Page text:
I wove the cord in and out of the sinew, skipping every other stitch and leaving a small loop at the top near the edge of the sole.

Weaving the cord through the sinew to make the upper part of the shoe

Then continuing around, I brought a loop through the loop next to the sole and then threaded the cord through that to make a knot. It was easily adjustable.

I made the first round fairly tight so that it would pull the sole up around my foot. I did the same for the second round.

Fitting the shoe to my foot. At this point the netting is fairly tight.

On the third round I made the loops larger because I wanted a netted effect. If I wanted, could continue making the loops smaller that would result in a denser fabric. At this point it was easy to work on the shoe while wearing it.

Making the loops larger to make a more open netting.

After a couple more rounds I started making the loops even larger. I brought the cord around the front of my ankle, looping the cord between it and the loops closer to my toes.

By this time I was essentially done. It took me about three hours for both shoes, working at a relaxed pace. I had a fair amount of cord left over, so I wound that around the top cord of the shoe to reinforce the opening and to give it a bit more of a finished look.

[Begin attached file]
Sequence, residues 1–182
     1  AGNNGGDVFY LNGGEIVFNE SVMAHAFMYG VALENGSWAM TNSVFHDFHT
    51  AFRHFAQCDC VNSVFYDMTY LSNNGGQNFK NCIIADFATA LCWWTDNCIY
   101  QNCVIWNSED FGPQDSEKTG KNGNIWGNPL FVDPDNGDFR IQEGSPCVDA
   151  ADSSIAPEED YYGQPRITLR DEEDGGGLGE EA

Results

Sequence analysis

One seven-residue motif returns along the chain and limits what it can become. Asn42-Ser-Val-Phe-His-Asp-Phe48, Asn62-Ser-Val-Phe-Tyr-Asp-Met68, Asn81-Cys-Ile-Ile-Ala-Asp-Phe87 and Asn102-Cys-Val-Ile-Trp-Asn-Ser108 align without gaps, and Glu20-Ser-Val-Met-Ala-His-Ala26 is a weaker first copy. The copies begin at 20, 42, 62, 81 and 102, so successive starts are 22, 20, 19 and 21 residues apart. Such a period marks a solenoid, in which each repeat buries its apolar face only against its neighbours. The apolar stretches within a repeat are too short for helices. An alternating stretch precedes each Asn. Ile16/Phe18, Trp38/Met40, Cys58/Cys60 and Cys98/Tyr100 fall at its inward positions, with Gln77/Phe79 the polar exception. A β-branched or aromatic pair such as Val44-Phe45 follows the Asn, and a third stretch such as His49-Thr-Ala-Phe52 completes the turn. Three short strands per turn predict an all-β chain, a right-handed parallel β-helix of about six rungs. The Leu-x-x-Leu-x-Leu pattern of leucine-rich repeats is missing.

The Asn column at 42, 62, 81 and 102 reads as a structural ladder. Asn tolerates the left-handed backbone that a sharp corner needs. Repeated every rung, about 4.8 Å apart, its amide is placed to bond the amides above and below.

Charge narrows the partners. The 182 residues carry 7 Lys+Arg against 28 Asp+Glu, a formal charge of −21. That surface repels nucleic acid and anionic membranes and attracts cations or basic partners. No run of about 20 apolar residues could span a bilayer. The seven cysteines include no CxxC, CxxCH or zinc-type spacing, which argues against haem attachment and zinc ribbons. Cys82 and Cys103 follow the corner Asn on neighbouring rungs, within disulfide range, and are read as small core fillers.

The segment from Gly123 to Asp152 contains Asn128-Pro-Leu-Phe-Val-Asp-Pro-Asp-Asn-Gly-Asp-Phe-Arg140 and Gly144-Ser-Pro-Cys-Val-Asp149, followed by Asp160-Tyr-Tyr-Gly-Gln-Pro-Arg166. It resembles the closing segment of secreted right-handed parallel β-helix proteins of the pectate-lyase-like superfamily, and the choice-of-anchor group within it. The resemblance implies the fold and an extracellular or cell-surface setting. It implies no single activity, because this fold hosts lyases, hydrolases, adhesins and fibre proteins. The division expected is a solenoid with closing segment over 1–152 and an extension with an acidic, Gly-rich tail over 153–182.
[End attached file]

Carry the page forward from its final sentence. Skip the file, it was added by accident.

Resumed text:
The finished shoes

I made this pair fairly tight because I figure that both the leather and cord will stretch over time. Still, they are easy to slip on and off, and are comfortable for walking. I could make some leather uppers to go over the netting. Otzi’s shoes had that, although there is debate as to whether the leather was on top of, or under the cording. A project for the future is to learn nålebinding to make some socks.

Nobody’s Perfect: Contrasts in Craft session at the Nordic Bronze Age Symposium

June 2017

It was my pleasure to present a paper at the 
Nordic Bronze Age Symposium in Oslo . The conference focused on contrasts and connections in the Bronze Age. Presenters covered a wide range of topics from landscape, technology, social practices and materialities.